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Customer Review

on 24 November 2013
This book is extraordinarily successful in capturing the ethos of German troops as they invaded the USSR in 1941. For the most part, their great successes--on a huge scale--seemed to confirm what they had been told, that the Soviet Union would soon collapse under the weight of their ideological, aggressive and courageous attack. But Robert Kershaw, with an insight that only a former serving soldier can muster, registers the shifting mood as the vastness of Russia and the ferocity of much of the resistance becomes clear. And this is where Robert Kershaw sweeps away a widely held myth. The Russian soldiers frequently hurled themselves against the invader, and though badly led, their bravery and numbers gradually used up German ammunition and knocked out more and more of its armour and troops. It was a war of attrition which in the long run the Germans could not win, especially given the appalling winter weather for which Hitler's stupidity failed to prepare them.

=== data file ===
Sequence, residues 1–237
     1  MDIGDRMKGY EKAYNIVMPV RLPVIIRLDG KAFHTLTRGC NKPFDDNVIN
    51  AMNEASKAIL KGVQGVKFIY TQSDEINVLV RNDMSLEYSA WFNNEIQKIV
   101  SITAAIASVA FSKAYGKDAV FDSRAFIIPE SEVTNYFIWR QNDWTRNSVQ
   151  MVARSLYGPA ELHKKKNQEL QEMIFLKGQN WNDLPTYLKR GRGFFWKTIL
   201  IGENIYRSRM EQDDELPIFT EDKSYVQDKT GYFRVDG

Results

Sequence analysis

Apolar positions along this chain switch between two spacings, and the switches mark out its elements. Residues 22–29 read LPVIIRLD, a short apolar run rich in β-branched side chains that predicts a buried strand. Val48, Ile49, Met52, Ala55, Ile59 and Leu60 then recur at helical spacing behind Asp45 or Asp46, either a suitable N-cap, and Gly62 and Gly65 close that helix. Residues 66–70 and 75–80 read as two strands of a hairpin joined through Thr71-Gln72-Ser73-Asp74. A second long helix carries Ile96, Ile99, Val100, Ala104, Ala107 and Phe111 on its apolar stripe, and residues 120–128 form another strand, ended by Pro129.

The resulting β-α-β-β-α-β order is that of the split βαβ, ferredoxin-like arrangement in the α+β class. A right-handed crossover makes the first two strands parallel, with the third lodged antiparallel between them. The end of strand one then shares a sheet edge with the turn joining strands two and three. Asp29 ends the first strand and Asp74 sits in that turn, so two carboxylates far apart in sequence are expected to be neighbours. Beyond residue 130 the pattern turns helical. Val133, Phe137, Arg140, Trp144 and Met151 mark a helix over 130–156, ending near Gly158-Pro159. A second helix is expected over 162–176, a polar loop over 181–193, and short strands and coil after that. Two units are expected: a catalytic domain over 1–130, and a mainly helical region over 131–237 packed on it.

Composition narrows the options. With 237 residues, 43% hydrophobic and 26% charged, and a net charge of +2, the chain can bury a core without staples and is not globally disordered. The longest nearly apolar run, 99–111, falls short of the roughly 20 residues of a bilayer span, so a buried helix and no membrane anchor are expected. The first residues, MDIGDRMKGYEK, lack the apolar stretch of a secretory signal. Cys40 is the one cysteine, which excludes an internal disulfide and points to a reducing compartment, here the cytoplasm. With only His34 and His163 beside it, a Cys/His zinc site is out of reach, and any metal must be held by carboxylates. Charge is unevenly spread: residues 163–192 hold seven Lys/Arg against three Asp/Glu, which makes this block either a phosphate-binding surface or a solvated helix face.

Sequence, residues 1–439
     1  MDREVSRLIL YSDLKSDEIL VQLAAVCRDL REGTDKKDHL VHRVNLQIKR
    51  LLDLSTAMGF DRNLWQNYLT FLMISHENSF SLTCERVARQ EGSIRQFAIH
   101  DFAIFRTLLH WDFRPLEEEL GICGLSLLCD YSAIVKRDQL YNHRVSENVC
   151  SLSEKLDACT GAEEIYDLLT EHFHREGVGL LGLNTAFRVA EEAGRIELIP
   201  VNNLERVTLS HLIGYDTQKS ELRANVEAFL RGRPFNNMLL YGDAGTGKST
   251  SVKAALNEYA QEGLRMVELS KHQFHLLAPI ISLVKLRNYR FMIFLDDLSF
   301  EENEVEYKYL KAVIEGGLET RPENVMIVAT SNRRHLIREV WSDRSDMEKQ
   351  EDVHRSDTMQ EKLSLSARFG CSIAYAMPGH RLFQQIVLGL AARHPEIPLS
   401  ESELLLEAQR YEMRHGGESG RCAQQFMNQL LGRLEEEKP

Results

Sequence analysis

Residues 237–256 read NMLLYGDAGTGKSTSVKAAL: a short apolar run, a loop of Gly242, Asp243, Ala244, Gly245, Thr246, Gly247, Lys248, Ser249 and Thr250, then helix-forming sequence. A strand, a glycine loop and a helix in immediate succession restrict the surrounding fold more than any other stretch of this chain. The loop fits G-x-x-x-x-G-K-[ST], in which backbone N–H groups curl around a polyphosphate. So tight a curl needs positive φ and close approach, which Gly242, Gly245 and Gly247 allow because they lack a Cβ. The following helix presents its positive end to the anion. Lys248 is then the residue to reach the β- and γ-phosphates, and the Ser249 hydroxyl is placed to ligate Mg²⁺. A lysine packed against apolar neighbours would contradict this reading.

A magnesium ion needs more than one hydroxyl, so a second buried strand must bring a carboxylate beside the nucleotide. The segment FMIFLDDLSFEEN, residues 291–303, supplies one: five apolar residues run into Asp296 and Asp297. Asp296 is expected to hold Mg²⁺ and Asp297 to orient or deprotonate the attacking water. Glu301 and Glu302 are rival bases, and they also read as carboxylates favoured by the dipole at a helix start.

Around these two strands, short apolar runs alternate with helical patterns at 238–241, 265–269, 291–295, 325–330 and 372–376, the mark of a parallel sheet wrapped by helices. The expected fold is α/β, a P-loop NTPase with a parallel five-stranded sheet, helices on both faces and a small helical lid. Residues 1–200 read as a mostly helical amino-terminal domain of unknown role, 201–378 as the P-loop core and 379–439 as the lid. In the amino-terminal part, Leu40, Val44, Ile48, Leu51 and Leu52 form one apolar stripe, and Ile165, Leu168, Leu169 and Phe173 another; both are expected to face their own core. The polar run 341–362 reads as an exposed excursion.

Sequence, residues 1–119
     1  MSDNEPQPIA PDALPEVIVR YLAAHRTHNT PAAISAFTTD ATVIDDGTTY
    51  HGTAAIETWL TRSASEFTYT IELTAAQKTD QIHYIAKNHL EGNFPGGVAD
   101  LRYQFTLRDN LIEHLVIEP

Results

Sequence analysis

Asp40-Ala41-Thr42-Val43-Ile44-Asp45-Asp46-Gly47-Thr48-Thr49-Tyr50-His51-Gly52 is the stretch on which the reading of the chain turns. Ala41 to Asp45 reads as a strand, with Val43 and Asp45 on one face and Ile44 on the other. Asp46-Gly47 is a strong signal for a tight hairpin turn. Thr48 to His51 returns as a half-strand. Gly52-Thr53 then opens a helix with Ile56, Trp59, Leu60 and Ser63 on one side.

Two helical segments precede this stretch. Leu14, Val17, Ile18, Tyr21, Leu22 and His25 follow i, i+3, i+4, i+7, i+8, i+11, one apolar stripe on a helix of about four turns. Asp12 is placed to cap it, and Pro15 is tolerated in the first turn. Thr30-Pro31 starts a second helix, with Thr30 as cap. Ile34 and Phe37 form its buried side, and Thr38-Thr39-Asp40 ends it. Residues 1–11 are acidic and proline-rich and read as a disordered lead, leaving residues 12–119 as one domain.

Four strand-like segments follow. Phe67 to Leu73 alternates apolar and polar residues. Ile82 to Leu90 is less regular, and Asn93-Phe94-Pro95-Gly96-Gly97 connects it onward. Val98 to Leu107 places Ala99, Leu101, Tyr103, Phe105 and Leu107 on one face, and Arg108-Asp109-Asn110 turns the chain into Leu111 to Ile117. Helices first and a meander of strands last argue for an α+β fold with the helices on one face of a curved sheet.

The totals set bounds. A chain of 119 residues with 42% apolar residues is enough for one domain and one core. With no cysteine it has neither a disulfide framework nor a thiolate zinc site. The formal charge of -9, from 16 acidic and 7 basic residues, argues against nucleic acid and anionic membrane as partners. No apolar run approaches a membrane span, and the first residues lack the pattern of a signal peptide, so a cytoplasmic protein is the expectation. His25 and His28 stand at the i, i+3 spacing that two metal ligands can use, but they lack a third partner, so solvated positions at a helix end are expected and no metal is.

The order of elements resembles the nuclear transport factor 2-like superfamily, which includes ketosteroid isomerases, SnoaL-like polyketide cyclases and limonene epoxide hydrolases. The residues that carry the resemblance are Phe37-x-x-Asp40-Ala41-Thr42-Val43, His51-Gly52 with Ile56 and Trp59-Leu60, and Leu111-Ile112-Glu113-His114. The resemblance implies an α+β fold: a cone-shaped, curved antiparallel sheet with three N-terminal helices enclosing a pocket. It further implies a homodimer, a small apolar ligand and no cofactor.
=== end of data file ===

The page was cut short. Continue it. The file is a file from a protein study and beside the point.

Robert Kershaw's translated primary sources--diaries, letters, regimental reports, etc.,--are skilfully woven into the narrative and create a vivid impression of the battlefield and of soldier's correspondence with their loved ones on the home front. This book is a monument to Hitlerian madness and Wehrmacht over-optimism. Kershaw brings the tragedy of this pointless and costly campaign to an evocative narrative which draws the reader into consideration of the biggest land battles of all time. All in all, the folly and the carnage would support a pacifist viewpoint as well as a very tempered version of what armies should and should not attempt.

On a personal note, my father who was in the LRDG in the western desert, told me that when radio news came that Germany had invaded Russia, the men of his unit debated what this portended. He himself thought the Germans would steamroller the Russians, but the weight of opinion on that day was that Hitler had made a fatal error. My father was wrong and the other soldiers were right. Kershaw's account explains how Operation Barbarossa went from extraordinary success for the Germans to the greatest German military disaster of all time.
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